Engaging farmers: A Neglected Aspect of the Local Food Movement’s Community Engagement Strategy

This entry was contributed by on May 7th, 2015 at 12:45 pm and is filed under , , , .
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As spring arrives and we begin stopping by our farmers’ markets and roadside stands for the early local harvest, it’s a good time to revisit how community engagement is both limiting and expanding efforts to build stronger regional food systems. I will focus on an obvious – but all too often missing – link in engagement efforts: local farmers.

There’s a lot of information out there about how to engage the community in farm and food initiatives, even on my own organization’s web site: best practices for supporting farmers’ markets, the impact of CSA (community-supported agriculture) purchases, strategies for involving youth in the local agriculture arena, and building strong networks of diverse stakeholders. These efforts have raised the level of awareness about local food in many useful and relevant ways, increasing our communities’ participation in and understanding of the importance of regional agriculture.

But there’s one thing that we hardly ever see, and that’s the flipside of the local food movement’s engagement strategies: how do we make sure that the farmers who actually grow the food are being heard in these discussions?

All too often, decisions are made by diverse groups of stakeholders, but with little or no farmer representation. This can lead to expensive mistakes – such as grant-funded community kitchens that are hardly ever used – as well as to increased distrust between farmers and the government, nonprofit, and educational agencies that aim to support them.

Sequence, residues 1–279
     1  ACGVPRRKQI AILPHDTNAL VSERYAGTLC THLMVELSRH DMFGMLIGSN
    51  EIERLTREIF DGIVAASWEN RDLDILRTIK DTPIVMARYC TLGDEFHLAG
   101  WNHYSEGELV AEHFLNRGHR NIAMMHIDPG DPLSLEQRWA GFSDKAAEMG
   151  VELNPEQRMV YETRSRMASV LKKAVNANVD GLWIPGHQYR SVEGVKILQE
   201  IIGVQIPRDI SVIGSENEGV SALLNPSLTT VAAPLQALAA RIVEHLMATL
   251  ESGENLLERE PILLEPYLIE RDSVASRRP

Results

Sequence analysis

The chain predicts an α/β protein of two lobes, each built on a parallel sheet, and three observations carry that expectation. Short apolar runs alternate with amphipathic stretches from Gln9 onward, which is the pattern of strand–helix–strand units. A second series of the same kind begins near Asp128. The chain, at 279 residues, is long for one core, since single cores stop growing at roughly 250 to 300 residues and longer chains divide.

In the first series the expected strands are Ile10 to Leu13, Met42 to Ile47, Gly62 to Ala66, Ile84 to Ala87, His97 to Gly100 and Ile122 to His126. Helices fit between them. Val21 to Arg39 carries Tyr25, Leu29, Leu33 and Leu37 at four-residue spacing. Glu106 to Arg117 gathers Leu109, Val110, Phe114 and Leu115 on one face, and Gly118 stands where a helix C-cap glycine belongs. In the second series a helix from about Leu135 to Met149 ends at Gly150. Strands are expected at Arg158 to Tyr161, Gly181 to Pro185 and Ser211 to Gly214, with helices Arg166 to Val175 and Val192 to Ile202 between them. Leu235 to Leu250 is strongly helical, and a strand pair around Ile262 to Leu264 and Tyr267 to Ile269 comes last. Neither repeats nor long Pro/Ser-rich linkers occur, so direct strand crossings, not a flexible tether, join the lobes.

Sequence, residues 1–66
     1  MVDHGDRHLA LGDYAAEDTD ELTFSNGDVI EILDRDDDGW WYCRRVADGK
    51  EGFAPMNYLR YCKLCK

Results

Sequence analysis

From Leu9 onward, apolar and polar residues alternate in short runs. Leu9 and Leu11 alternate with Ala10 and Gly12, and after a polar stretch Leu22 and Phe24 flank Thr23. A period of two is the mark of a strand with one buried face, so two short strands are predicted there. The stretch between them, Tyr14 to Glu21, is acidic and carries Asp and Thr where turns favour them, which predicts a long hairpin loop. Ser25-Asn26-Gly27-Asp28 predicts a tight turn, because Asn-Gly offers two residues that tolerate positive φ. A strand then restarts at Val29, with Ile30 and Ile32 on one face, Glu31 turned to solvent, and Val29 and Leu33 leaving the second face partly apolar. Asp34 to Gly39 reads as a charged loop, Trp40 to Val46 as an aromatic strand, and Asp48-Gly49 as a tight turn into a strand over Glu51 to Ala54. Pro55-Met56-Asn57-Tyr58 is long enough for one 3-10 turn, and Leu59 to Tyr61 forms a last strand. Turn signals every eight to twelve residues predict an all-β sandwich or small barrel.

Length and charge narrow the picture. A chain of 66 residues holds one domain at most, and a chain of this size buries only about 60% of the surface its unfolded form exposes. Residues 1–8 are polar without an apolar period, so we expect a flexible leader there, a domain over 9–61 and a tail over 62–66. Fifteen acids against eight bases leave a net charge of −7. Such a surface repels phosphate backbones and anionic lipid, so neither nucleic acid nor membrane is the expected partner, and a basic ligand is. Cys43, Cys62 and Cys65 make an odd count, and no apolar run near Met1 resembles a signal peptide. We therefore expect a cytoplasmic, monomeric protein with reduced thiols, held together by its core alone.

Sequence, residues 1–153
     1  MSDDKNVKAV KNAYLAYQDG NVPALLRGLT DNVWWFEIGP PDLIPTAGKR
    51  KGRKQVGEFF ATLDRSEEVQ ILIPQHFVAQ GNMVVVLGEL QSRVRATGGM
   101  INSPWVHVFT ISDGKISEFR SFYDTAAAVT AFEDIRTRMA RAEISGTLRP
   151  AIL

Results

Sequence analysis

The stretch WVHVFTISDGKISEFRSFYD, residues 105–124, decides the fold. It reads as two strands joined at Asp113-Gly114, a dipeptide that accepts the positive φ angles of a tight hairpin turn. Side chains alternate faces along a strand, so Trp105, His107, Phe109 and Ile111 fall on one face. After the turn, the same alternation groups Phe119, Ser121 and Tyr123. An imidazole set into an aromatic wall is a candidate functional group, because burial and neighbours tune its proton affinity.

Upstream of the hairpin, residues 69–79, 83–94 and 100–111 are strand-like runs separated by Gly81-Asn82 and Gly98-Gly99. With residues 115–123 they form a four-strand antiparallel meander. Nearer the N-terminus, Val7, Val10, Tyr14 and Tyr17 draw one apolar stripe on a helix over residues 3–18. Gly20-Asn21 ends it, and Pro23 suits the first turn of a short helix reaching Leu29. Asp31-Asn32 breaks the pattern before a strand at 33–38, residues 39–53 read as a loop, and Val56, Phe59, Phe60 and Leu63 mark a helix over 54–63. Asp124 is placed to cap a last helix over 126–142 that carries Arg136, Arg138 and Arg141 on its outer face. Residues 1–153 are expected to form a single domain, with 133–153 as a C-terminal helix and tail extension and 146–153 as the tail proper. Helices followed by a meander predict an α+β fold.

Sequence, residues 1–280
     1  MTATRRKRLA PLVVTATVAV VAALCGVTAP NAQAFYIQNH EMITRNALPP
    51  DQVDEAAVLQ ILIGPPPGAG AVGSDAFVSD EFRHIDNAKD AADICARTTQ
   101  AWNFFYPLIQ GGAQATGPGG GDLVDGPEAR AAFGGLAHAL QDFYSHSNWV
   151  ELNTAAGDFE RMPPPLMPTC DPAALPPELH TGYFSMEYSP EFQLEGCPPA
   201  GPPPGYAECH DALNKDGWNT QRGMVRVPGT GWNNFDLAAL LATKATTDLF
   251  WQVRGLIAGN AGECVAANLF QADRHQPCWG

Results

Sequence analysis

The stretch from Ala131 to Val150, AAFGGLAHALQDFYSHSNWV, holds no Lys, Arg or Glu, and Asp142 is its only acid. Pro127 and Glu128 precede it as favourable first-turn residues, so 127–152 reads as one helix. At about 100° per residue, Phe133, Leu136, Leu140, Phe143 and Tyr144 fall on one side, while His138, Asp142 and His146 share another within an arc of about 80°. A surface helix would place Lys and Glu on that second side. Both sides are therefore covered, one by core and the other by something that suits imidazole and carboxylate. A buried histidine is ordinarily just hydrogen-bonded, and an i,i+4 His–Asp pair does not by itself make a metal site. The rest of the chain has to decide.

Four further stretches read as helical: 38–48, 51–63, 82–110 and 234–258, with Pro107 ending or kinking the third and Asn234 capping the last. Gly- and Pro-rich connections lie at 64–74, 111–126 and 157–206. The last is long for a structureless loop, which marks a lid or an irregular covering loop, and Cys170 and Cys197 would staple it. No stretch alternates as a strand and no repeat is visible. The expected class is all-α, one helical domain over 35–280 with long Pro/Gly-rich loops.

It’s a problem we see in many communities – both urban and rural – as North Carolina struggles to keep its top industry healthy and sustainable. Agriculture brings in over $78 billion to the state’s economy, employs 16% of the workforce, and is one of the most diversified farming states in the nation due to its three unique climate areas of the mountains, Piedmont, and coastal regions.

© Akim Aginsky 09, Pulitzer Center akim@aginsky.com www.fifthframe.com

Using the same strategies for engagement with farmers that we use to engage the community is simply not a good solution, and unfortunately, we haven’t found many better options yet.

There are multiple reasons for this. Farmers are, first and foremost, too busy to spend time sitting in meeting rooms, providing information in focus groups, or attending online webinars. It takes a lot of work to grow the food that we’re so focused on getting into our local markets.

That workload means that the people whose input we need are working from sunup to sundown every day, and that for much of the year – when it’s warm enough to plant or to harvest – they’re going to be unable to participate. That leaves a window of only a few winter months each year in which they have the spare time to participate in planning efforts.

Farmers are also often reluctant to participate in these efforts. Their vocation aligns with enjoying solitude, the absolute lack of the need to wear a tie, or the happy distance from the hustle and bustle of the office environments in which they’re usually asked to meet. Local food meetings are usually held in urban areas, requiring farmers to travel (sometimes for very long distances).

Some groups have tried to utilize online media as a way to remove the travel and meeting burden – but again, that comes from a generally poor assumption. Many farmers don’t have or use computers often, and many of North Carolina’s rural areas don’t have access to Internet at speeds that support these media-rich platforms.